Welcome back! This week, we are making over some old white cotton shirts with shibori, a Japanese folding technique to create dyed patterns in fabric. You can use this folding method with any type of modern dye, or the beautiful, traditional indigo vat. For simplicity's sake, we are using Rit Dye on the stove top this time.
Gather your supplies, and keep reading for the tutorial. We need a bottle of dye, half a cup of salt, a squirt of dish soap, a gallon of water in a large pot, tongs, fabric or clothing, and rubber bands/clips/pipe cleaners/popcicle sticks.
First, let's do an accordion fold on your item of clothing. Fold your item in half. Then fold the top half back to line up with the edge. Flip over your item and fold the other side back and match the edge again. Now fold the sleeves back. The goal is to make all the edges line up evenly for the next step. (You can stop here, And move on to rubber bands or keep on like the photo.) Now, fold one bottom corner to the edge to make a triangle. Flip the item over, and fold the triangle up along the edge. Flip and fold, flip and fold triangles all the way to the end.
This part is for adults or older kids. Be careful! Turn your stove on high to boil, and add the salt. Once dissolved, add the dye and a small squirt of dish soap. (We are using black on small items for saturated colors, so we only used half the recommended water.) Reduce your stove to medium heat, and dye your items for 30 minutes.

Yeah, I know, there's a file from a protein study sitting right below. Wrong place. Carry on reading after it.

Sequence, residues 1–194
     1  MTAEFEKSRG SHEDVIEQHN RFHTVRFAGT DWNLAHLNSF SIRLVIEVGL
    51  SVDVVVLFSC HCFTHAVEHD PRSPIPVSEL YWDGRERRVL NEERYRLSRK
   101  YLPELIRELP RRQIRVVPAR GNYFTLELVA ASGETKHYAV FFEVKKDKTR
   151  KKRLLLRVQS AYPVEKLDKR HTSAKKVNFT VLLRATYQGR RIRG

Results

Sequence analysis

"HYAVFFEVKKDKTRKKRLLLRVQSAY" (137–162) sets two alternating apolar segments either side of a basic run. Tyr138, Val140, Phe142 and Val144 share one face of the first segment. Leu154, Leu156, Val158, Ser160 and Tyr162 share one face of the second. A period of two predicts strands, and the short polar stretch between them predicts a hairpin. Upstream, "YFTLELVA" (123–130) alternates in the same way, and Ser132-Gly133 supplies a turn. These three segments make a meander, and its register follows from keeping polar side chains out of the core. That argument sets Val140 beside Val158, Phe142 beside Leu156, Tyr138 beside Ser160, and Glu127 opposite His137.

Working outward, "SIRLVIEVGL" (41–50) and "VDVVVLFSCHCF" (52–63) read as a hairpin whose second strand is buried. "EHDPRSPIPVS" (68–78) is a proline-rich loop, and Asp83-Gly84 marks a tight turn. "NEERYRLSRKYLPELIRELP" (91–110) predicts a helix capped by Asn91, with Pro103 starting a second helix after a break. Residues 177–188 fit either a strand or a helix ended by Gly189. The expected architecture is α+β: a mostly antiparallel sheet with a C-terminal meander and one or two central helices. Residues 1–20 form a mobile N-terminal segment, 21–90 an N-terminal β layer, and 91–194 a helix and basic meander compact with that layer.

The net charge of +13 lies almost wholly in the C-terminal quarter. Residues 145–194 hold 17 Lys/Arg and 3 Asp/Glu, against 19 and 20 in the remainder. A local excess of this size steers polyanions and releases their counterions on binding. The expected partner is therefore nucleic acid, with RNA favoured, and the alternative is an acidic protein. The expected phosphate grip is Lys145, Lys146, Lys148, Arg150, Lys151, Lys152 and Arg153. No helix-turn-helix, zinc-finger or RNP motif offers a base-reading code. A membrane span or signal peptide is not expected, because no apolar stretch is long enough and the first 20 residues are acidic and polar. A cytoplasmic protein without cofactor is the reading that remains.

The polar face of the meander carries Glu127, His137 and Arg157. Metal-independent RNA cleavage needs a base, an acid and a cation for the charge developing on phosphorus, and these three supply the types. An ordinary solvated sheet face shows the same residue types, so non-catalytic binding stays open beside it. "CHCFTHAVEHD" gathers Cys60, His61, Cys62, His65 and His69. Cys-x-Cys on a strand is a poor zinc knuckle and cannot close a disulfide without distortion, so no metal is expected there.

Use your tongs to remove your folds, allowing the dye water to drain as much as possible.
Rinse your items in the sink until the water runs mostly clear, then remove your rubber bands and clips. (Don't use dye in porcelain or porous sinks, it will absolutely stain! You can take them straight to the washer, but your whites may not be as white.)
Wash your items on cold with detergent, and dry them. From left, the patterns are the square accordion fold with popsicle stick resist, the pipe cleaner resist, the triangle accordion fold with bottle cap resist, and the binder clips resist.
I hope you enjoyed this project! Now you can make tea towels, napkins, pillow cases, wall hangings, and all sorts of good stuff! Be sure to tag us @etsydallas #EDCreativityCamp if you try it!
P.S. Use gloves! Lol!